HOLYOKE, Mass. (WGGB) — Boston continues to heal from the wounds of Marathon Day Monday.
Besides the injured, first responders will forever remember the horrific events that unfolded.
Steve McHugh was in the medical tent at the finish line. “We were talking with runners on the cots when the two booms went off, one after another,” says McHugh.
The scene McHugh says looked like a war zone. “It was like a firehose of burns, mutilated people screaming, crying, mothers, children, people you couldn’t tell who they were because they were disfigured so badly,” he says.
First responders will never forget the horror of what they see at such events.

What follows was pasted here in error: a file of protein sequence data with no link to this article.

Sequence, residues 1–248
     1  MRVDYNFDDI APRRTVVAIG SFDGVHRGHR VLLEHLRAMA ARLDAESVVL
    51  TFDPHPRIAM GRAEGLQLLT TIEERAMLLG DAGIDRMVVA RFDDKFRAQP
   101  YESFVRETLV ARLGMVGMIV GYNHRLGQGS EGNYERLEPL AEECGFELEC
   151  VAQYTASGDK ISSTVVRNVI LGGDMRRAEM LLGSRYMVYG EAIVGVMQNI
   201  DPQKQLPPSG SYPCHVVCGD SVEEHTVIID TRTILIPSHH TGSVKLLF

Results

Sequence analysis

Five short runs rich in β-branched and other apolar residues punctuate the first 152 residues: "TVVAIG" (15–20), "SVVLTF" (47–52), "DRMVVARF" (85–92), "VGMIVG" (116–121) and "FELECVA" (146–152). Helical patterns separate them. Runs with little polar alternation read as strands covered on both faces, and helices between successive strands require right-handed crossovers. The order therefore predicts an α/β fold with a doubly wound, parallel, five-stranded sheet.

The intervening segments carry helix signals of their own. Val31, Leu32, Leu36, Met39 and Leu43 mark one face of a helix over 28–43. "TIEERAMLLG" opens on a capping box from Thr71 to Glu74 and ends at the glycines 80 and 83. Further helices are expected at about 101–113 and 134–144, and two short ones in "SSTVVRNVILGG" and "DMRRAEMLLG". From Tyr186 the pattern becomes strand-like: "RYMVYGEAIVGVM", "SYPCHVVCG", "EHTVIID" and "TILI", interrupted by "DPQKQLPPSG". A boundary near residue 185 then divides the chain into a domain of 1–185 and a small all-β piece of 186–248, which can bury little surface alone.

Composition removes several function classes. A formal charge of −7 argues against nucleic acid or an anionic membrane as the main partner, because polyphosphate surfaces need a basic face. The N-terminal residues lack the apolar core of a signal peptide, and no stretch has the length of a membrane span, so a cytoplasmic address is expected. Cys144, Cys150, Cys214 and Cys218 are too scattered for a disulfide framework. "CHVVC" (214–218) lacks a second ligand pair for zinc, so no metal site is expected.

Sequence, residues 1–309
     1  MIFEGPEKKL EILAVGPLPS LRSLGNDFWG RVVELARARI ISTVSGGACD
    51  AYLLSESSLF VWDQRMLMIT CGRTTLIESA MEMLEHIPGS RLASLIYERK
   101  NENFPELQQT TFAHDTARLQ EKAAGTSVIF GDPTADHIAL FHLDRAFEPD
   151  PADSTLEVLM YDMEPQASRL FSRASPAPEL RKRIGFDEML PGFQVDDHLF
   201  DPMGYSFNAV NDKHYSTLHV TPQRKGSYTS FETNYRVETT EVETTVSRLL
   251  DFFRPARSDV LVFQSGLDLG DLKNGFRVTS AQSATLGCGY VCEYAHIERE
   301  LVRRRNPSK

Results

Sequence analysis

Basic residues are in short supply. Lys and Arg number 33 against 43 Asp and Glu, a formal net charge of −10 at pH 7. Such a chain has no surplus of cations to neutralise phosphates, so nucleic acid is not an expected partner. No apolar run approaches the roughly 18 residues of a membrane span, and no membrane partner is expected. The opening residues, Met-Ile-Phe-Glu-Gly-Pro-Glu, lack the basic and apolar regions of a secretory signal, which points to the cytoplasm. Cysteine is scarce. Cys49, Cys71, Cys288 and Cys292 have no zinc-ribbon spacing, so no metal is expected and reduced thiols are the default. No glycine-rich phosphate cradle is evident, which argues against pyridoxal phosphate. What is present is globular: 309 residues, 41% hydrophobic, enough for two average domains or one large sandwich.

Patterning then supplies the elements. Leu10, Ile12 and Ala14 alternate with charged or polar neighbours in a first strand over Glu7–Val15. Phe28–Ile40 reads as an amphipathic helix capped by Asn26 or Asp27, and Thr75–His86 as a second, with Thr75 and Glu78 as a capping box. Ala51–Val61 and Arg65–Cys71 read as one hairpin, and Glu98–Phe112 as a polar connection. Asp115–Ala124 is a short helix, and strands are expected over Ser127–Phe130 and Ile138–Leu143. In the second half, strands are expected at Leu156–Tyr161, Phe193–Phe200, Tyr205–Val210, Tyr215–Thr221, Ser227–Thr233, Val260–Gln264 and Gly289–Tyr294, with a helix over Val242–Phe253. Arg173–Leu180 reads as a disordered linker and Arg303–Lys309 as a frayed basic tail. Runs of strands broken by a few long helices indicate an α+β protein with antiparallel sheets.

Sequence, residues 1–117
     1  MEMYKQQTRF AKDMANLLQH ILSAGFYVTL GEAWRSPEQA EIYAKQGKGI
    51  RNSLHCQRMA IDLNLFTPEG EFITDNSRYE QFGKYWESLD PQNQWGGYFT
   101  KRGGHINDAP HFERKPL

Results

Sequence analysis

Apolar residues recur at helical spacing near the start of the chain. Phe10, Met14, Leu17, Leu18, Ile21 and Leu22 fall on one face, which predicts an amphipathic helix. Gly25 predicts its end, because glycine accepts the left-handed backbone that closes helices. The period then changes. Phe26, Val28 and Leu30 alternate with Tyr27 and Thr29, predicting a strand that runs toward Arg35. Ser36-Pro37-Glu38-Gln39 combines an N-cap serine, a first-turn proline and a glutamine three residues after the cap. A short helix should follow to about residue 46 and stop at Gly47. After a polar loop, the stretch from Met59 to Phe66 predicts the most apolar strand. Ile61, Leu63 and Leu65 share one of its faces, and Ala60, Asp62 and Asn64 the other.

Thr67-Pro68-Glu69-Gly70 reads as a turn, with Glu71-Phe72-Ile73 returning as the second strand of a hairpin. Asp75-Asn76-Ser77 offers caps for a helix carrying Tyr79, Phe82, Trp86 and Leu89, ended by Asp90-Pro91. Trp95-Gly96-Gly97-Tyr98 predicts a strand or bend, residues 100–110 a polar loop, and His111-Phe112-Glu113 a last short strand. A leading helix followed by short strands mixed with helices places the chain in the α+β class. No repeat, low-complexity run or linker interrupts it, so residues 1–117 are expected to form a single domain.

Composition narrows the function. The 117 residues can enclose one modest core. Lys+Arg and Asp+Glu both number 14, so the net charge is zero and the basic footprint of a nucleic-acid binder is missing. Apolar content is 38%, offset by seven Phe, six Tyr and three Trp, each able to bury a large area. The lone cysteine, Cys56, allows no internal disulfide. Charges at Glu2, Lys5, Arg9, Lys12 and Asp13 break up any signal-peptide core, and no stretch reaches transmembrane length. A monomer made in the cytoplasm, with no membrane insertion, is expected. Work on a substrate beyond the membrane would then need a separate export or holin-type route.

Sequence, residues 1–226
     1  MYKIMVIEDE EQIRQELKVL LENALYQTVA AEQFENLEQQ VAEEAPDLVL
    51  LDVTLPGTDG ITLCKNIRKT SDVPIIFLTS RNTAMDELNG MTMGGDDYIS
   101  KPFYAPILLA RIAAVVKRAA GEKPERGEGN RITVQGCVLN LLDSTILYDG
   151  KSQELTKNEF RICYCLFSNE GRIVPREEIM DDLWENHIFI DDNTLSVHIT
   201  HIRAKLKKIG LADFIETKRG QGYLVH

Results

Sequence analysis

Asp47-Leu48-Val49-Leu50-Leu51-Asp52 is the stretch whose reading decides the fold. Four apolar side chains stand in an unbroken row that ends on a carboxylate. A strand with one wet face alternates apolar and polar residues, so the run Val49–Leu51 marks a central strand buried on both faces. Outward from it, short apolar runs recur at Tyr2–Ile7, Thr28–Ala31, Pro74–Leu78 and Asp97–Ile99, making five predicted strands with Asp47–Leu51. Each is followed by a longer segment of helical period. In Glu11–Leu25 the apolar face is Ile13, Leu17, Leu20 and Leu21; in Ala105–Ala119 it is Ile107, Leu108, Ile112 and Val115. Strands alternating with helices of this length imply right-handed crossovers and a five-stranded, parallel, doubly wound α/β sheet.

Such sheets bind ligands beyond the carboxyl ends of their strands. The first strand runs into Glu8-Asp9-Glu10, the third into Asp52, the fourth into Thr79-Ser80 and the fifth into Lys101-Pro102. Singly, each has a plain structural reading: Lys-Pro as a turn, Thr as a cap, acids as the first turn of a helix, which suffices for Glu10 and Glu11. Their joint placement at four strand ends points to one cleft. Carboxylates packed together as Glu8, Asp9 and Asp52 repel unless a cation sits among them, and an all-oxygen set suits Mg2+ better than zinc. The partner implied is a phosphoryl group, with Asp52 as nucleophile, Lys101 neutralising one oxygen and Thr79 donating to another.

Mark Elin is a clinical neuropsychologist at Baystate Medical Center.
“The memories tend to linger on and memories are something that become imbedded not only immediately, they’re like flash bulb experiences that become encoded in people’s minds,” says Elin.
So how do you heal? How do you move on after you experience traumatic events like the shootings in Newtown and the Boston Marathon Day bombings?
“I feel if needed that you seek the help of professionals, of clergy, of people who are important to you in your life and you don’t live with these events so low and in isolation of the enormity of how it’s affected your life,” says Elin.
And that long process of healing is just beginning for those who helped the injured.
Elin was one of the speakers at a conference in Holyoke sponsored by Baystate Health and the Hampden County District Attorney’s Office.